Diabetes, often called the silent killer. It strikes almost 24 million people across the U.S. Type 2 diabetes is the most common form of the disease—affecting approximately 90-percent of total diabetes sufferers with insulin resistance—meaning the pancreas is unable to supply the body with adequate insulin levels to maintain healthy and balanced blood glucose.
The surefire way to test for diabetes is by getting your doctor to perform a blood sugar test. However, the following symptoms are indicative that you may have type 2 diabetes…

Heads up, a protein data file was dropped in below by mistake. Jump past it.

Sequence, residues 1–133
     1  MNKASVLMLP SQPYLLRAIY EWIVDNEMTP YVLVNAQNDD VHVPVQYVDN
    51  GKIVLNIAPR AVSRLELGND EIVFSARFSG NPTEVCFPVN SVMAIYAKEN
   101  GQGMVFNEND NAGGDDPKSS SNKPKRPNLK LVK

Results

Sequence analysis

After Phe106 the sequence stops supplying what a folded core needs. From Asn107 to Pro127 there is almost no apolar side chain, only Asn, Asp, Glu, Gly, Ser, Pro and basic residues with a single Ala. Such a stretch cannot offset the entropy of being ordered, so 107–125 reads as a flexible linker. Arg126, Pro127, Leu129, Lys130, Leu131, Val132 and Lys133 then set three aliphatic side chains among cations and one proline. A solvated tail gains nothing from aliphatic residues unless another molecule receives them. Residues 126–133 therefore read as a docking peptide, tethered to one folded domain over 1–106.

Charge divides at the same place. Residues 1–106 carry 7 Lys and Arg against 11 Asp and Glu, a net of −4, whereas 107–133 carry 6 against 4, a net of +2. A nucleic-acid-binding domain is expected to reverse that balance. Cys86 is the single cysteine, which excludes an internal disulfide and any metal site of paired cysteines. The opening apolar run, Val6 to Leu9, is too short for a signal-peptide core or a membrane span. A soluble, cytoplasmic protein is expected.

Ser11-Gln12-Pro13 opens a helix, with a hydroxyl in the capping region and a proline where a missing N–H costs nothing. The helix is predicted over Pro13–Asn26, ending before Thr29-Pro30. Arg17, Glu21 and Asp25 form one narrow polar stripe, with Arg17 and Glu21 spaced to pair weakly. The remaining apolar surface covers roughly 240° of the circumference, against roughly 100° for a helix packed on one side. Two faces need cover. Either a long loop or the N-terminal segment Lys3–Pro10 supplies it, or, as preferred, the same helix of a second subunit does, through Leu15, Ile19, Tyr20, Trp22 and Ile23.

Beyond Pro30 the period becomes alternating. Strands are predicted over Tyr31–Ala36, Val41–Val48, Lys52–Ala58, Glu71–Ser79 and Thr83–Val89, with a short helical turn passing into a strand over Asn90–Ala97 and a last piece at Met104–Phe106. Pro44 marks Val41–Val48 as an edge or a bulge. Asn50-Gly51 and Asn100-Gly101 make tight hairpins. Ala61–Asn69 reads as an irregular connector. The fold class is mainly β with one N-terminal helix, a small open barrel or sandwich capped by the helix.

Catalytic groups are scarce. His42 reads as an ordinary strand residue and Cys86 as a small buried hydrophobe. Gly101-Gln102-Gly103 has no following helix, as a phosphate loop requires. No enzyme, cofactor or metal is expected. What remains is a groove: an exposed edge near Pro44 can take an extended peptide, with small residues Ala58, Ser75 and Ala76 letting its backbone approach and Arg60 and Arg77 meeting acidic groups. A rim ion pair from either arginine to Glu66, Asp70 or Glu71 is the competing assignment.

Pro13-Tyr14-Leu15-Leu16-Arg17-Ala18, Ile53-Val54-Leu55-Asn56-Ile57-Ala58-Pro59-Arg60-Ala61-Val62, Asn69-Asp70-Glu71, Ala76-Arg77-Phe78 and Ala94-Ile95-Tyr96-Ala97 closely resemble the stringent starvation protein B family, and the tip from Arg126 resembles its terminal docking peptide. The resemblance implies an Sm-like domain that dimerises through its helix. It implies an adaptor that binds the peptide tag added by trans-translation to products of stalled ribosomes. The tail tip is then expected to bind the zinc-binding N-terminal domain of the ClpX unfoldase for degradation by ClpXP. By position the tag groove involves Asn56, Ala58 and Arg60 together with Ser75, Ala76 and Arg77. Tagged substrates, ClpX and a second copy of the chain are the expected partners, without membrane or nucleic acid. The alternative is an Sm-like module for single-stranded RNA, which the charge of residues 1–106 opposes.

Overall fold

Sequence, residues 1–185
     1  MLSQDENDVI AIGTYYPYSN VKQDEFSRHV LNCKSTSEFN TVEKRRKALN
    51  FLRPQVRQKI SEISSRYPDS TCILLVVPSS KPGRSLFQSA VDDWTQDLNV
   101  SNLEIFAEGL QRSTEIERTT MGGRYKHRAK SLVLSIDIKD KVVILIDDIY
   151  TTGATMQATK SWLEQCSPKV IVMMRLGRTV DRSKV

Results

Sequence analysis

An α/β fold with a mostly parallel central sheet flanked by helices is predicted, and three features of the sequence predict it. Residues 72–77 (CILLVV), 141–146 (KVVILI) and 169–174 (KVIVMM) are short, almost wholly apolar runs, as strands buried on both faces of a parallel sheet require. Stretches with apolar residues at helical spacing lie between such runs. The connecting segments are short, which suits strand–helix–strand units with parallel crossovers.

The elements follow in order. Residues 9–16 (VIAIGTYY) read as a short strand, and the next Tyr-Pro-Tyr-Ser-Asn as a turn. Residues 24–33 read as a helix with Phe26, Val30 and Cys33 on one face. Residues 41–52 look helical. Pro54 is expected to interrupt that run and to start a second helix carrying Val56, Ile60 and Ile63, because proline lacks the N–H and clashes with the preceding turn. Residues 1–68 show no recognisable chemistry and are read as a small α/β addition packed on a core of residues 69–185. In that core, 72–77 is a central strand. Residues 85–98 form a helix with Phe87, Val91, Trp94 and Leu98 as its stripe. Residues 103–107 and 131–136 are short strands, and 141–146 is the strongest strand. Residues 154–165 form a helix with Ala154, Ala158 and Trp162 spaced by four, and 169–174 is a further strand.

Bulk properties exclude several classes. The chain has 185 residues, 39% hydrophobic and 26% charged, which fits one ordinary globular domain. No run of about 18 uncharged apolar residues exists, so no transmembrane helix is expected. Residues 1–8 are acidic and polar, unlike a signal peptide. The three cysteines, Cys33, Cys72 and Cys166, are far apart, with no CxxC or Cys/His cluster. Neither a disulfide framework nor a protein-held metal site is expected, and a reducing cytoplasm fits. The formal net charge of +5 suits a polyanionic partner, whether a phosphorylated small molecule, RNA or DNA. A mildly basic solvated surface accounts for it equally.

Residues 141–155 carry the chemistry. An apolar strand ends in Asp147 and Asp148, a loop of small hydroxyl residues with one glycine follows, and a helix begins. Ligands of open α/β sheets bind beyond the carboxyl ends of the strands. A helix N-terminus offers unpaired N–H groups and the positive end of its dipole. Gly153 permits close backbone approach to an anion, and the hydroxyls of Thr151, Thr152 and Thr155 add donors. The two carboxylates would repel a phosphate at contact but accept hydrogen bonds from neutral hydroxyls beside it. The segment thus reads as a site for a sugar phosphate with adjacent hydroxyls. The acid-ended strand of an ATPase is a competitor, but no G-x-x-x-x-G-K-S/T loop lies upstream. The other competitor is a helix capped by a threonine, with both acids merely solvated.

Type 2 diabetes causes those suffering from the condition to live in an immune-suppressed state, which ultimately leaves them susceptibility to a variety of bacterial infections—such as yeast (or Candida) infections, pneumonia, urinary tract infections (UTIs), and skin rashes. Basically, “immunosuppression” means that the immune system is unable to fight off infection.
For the diabetic, infections are a constant concern since those suffering from the condition are more prone to developing infections due to high blood sugar levels wearing down the immune system and it’s ability to protect the body. Nerve damage, which also results due to low blood flow to the extremities (legs, feet, arms, hands) in some diabetic patients, can raise the risk of infection.